As an added bonus, the pirated version doesn't prevent me from transcoding to a format my iPod can support or prevent me from storing it on my computer and streaming it via my TiVo. If I ever get an XBox360 or a PS3, I can stream them to that too.

    With a DRM-encumbered movie, I can't do any of that.

    Why do they insist on giving their paying customers a product that's simply worse than the pirated version? Why do they think we'll put up with it?

  • Ask Why (Score:1, Insightful)

    by Anonymous Coward on Monday August 27, 2007 @06:46PM (#20377473)
    Ask why the DVD Forum feels it has the right to control a users DVD player that they do not own by using inserted User Operation Prohibition [wikipedia.org] controls such as disallowing fast-forward or skipping during trailers and ads. In other words, just because someone owns the IP of a movie does it give them the right to control the DVD player?
  • Re:Teamwork (Score:5, Insightful)

    by blhack (921171) * on Monday August 27, 2007 @06:49PM (#20377503)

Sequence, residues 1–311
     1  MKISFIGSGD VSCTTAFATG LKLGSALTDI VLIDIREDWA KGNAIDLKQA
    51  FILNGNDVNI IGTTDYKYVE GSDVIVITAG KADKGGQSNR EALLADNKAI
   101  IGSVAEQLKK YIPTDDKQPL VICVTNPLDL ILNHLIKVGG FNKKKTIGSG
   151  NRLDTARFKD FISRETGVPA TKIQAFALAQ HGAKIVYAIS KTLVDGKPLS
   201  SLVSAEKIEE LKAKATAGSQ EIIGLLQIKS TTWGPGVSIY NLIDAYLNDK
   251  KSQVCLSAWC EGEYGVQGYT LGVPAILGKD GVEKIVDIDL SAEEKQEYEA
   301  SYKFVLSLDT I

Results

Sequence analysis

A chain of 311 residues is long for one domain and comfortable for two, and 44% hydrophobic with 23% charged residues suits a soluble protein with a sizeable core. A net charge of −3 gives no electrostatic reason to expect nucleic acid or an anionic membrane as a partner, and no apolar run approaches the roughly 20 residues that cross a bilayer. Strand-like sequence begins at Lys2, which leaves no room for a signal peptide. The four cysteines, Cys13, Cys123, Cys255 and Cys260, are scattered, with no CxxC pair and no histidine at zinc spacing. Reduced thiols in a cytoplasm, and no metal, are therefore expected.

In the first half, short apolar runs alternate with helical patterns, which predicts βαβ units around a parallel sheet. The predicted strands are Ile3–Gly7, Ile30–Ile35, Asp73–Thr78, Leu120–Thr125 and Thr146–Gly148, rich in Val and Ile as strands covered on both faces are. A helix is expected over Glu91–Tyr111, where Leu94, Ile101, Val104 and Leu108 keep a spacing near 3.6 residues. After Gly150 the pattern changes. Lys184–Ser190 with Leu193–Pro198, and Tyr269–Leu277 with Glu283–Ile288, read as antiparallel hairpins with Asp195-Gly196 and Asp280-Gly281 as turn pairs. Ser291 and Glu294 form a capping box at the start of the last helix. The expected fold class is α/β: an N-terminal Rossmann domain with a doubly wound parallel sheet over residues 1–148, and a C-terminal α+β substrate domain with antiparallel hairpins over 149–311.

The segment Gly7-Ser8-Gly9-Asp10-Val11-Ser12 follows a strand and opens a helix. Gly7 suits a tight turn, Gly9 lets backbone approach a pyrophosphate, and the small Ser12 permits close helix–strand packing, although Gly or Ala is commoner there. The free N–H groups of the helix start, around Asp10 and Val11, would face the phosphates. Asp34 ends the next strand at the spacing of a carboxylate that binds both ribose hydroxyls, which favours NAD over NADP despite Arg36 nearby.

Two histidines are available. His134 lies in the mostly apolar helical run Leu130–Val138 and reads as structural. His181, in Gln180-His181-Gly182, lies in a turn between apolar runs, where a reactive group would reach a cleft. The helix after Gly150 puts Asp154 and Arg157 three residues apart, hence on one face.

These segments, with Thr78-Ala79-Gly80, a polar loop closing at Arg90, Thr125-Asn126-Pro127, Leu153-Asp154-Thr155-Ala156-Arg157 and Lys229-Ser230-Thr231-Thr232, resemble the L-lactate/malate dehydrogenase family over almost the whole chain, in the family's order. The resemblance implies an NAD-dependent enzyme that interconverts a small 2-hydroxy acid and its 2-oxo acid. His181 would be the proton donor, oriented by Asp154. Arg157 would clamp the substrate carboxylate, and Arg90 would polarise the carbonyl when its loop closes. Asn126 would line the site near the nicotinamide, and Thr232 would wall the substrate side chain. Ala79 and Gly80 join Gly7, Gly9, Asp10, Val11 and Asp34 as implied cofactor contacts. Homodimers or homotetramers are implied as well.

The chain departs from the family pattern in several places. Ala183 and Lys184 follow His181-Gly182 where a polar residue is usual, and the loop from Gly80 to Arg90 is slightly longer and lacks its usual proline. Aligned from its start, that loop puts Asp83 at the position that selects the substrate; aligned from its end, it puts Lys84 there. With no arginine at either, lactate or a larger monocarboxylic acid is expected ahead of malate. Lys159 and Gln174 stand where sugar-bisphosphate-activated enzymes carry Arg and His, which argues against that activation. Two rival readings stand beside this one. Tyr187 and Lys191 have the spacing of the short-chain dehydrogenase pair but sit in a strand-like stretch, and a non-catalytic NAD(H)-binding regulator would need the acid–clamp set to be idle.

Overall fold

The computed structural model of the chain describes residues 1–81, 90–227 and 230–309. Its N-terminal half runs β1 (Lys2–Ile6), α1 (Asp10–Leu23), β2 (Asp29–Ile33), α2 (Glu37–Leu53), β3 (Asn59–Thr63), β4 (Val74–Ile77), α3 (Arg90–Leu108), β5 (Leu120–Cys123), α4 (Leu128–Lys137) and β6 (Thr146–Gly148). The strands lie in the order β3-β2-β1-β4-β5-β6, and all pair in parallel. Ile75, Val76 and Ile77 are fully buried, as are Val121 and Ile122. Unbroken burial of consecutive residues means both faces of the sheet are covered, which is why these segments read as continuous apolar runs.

His point isn't to change the mind of the MPAA, it is to prevent the MPAA from indoctrinating his students with their views on the matter (or rather, indoctrinate them with his own). No offense, but I HATE it when people claim to be "helping the children" by "telling them the real story". So often that "real story", is a bunch of bias garbage that ends up hurting them 10 fold when the reach adulthood. They end up having a completely warped view of reality (at least warped relative to the their peers; even if they are right, they are stilling playing with a handicap). For instance, lets say that we took a group of elementary aged kids and taught that that IP was a totally evil concept. To US (adults) that is okay because we have grown up around IP and understand the reason that it needs to be changed; however, if you teach somebody that has no frame of reference that IP is evil, they won't understand why. This will end up actually hurting them in the long run. People need the ability to come to their own conclusions. People who try and let their kids skip that whole "experience" thing, and jump right into the understanding part are doing their children a great injustice.